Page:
Tuesday, 7 May 2013

Battle of Toski with Science v Pluck (part 1)

One of our group is retiring to Cornwall, so we took the opportunity of a Bank Holiday Monday to have a farewell game of Science v Pluck in Shedquarters. Three MNG stalwarts were joined by my brother Richard for the event.

I have been looking at doing a game based upon the Battle of Toski in 1889 ever since I became properly aware of it a few months back through some traffic on the SvP yahoo group. To my shame I had never looked at the battles the Egyptian Army fought "solo" without British support, - partly through lack of sources. However, someone was kind enough to send me a link to a Kindle copy of Wingate's "Mahdiism and the Sudan" which is an absolute goldmine of information on all the military aspects of the Sudan campaigns with good orbats and maps.

Toski is the battle that finishes off the invasion of Egypt by Mahdist forces, and vindicates all of the efforts to reform the Egyptian Army and make it responsible for the defence of Egypt. I was confident my players would not have the details of the action, so I made no attempt to disguise the scenario. This did mean, however, that I did not distribute the briefings beforehand either.

The background to the battle is that a Mahdist force numbering about 8,000 warriors and non-combatants, lead by Abderrahman en Nejumi is pushing across the Egypt/Sudan border in late July 1889. Nejumi planned and lead the capture of Khartoum and is regarded as amongst the most talented of the Mahdist military leaders. The plan is for a combined Anglo-Egyptian Force to take them on and defeat them in battle. In practice the Mahdists present an opportunity to bring them to battle before the Anglo part of the force arrives. The Sirdar, Sir Wallace Grenfell, resolves to engage them with his forces then concentrated, being two brigades of foot, and a mounted column of 3 cavalry squadrons (including some British Hussars) and two companies of Camel Corps. Half of the force has already fought and won an action against the Mahdists at Argin on 28th June.

Grenfell's problem is that the Mahdists are moving through the desert, and his supply route is basically the Nile. Using steamers he can move up and down the Nile quickly, but even using Sudanese Battalions he can't advance deep into the Desert to track down the Mahdists without severe hazard from the conditions and also the desert offering Nejumi the opportunity to fight on ground more favourable to his forces. Having concentrated his forces at Toski, Grenfell is given intelligence that the Mahdists are encamped within a few miles of the village & river.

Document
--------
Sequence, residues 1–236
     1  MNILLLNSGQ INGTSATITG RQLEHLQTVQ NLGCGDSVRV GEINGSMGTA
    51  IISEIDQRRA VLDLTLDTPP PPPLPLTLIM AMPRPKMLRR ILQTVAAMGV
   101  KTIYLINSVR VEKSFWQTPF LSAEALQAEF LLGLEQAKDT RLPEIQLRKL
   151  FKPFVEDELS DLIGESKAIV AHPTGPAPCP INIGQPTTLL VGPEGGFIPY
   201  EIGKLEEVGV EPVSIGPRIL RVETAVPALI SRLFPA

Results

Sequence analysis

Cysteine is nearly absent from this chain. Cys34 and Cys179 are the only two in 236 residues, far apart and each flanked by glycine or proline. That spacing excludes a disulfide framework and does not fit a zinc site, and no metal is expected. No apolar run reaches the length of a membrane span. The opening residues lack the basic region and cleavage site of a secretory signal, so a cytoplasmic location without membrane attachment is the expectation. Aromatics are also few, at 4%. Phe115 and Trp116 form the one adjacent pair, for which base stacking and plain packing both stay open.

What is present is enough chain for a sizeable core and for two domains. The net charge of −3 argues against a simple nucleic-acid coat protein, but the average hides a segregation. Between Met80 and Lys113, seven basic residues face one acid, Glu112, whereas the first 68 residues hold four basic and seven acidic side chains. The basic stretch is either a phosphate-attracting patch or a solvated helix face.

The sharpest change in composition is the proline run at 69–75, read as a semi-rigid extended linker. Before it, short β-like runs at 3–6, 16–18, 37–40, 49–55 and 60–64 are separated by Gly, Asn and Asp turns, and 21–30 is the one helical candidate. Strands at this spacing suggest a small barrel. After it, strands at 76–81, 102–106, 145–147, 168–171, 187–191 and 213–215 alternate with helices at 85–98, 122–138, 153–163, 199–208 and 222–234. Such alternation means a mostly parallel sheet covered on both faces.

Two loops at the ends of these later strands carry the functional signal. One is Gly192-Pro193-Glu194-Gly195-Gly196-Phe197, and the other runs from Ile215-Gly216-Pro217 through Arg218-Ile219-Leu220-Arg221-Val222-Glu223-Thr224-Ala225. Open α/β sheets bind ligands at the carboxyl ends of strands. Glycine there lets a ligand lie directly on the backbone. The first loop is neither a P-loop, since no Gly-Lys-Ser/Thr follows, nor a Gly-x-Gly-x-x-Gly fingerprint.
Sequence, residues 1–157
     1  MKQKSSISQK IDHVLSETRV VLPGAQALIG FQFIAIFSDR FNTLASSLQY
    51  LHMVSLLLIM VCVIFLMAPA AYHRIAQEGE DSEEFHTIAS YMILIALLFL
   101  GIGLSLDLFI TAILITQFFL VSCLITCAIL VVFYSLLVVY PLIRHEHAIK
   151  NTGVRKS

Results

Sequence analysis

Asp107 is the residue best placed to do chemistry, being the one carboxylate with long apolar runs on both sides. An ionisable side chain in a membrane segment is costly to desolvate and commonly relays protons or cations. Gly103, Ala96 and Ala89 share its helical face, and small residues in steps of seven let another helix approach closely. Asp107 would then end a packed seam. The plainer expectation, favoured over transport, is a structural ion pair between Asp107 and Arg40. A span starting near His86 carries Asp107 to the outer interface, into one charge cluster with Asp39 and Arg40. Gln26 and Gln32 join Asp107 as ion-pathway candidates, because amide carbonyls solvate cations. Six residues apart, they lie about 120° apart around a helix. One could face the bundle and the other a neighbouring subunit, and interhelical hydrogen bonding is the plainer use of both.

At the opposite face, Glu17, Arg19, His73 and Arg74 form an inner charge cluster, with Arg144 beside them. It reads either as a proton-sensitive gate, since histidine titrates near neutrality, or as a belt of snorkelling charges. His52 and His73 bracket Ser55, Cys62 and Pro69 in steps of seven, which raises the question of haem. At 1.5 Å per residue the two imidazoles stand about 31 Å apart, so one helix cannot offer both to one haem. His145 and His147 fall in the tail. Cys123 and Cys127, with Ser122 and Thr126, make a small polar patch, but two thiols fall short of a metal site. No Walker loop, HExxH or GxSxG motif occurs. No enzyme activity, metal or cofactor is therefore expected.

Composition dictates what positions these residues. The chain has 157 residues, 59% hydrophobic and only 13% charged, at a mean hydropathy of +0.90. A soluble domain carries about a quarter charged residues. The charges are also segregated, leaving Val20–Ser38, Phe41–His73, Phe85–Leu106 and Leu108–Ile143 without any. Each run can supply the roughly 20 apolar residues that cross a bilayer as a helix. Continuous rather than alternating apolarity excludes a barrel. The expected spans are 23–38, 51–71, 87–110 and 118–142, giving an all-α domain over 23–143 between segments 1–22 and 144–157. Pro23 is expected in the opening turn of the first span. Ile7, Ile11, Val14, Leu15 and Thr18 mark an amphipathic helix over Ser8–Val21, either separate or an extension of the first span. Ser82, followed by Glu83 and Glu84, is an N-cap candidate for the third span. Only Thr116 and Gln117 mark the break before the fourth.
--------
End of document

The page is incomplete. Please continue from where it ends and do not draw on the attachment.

The game started on the morning of 3rd August, 1889. Grenfell and his staff have recce'd the Mahidist camp the evening before, and together with reports of his other scouting troops has compiled this map.

The map has been derived from the sketch map in Wingate's book, but with the troop dispositions and annotations removed.

The overall situation was described to the Sirdar and his senior officers, together with the intelligence that Nejumi was intending to break camp and go north, into desert areas where the Egyptian Army would be unwise to follow. The Egyptians haven't got their supply wagons and animals up yet, nor have the British troops arrived. However it is possible that the current forces could carry enough ammunition and water for a day's action and intercept the Mahdists and bring them to battle.

The Sirdar immediately convened a council of war and debated his options.

From left to right we have Colonel Wodehouse (Chris), Major Hunter (Ian), General Grenfell (Phil) and Colonel Kitchener (Richard).

As this debate went on for a while, I feel we can break the narrative here and return to the battle in a subsequent posting.


  1. It looks as if an excellent game is in the offing. Top marks for the hats too!

    Regards, Chris.

    1. They should all be in fezes really, as it's an Egyptian Army game, but you can't blame people for trying!